The use of a nanocrystalline nickel alloy in connectors enables a substantial reduction in the use of gold. Mining and refining gold has significant negative environmental impacts that can be calculated using a life cycle assessment (LCA). The LCA impact of gold has an equivalent impact of 800 kg CO2 per troy ounce of gold mined. The LCA impact of nickel is 0.4 kg CO2/troy ounce, while the LCA impact of the nanocrystalline nickel alloy is 0.2 kg CO2/troy ounce. The low LCA impact of the nanocrystalline nickel alloy is a result of two factors; it can be used in thinner platings to achieve the same level of performance, and its fabrication uses 100% recycled tungsten.
One connector maker has replaced the gold contacts on some lines of its high-reliability connectors with nanocrystalline metal contacts. Nanostructured metal coatings are easily integrated into connector manufacturing since they are deposited through a traditional electrodeposition process for interconnects. Replacing gold with nanocrystalline metals has reduced the environmental impact of the materials used, especially the gold, equivalent to saving an average of 7.8 million kg of CO2 annually.
Nanostructured silver has been developed for high-performance, high-power connectors in electric vehicle (EVs) applications. EV applications include charger connectors that need low, stable contact resistance and high durability and high voltage connectors in the EV drivetrain and power system that need higher temperature ratings. In terms of durability, the nanostructured silver material is about double the hardness of pure silver. It was subjected to 5000 cycles of wear durability testing on an EV connector with 5N mating force and showed little to no wear at 5 μm thick. Despite being 4x thicker, traditional silver plating experienced deep galling wear and exposed the copper substrate. Key performance specifications of the nanostructured silver include (Figure 4).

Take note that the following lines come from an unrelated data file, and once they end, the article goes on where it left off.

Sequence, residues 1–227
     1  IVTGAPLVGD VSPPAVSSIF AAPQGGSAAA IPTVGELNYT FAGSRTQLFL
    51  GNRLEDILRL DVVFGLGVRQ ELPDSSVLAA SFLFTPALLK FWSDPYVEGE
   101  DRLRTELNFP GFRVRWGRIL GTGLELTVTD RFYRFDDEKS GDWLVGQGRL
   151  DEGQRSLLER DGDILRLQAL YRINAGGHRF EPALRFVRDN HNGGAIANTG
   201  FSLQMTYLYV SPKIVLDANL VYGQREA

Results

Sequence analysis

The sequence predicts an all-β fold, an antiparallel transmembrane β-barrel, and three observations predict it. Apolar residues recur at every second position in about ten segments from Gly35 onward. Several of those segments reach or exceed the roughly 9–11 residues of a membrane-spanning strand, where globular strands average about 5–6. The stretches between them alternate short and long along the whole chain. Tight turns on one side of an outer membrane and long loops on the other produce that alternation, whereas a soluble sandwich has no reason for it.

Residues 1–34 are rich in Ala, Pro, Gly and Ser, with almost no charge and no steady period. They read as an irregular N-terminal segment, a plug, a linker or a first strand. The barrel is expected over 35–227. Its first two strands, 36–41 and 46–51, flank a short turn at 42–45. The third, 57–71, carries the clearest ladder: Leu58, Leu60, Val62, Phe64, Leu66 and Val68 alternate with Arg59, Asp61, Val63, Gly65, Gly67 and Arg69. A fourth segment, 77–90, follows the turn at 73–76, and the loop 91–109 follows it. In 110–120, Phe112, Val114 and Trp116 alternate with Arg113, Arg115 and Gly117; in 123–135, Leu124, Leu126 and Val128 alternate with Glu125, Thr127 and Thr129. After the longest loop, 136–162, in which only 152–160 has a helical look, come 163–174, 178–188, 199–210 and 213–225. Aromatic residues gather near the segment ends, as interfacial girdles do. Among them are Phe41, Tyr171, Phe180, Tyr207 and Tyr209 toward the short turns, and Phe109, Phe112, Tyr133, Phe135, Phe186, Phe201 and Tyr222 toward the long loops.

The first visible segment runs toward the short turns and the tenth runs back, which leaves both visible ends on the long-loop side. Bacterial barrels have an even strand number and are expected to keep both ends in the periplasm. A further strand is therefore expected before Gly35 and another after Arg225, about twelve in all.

- 220 °C operation
- Low insertion force
- Thinner costings provide increased wear durability
Like bioplastics, nanostructured nickel alloys and nanostructured silver are very early in the adoption process. There are many opportunities to increase their use and further improve the sustainability of connectors.
Connectors have made a lot of progress toward improved sustainability. It’s not new, but it has been happening since the RoHS regulations were first announced. It began with replacing cadmium and chromium platings with more environmentally friendly and sustainable alternatives. Today it extends to various types of sustainable plastics for connector bodies and housings and nanostructured metals for contacts. There are numerous opportunities to continue increasing the sustainability of connectors.
Bio-Polyethylene (Bio-PE), Bio-Polypropylene (Bio-PP) and Bio-Poly(ethylene terephthalate) (Bio-PET): Recent Developments in Bio-Based Polymers Analogous to Petroleum-Derived Ones for Packaging and Engineering Applications, MDPI polymers
Eco-friendly Options for Harsh Environment Connector Plating, Allied Components
Electric Vehicle Connectors, Xtalic
Improving connector performance and sustainability, DSM
Innovation Helps Amphenol Reduce Environmental Impact by 78Million Kg CO2
International Sustainability and Carbon Certification, ISCC System
Renewable polyethylene, Wikipedia
Third-Party Environmental Claim Validation for Industry’s First Bioplastic Resin-Based Connector, Molex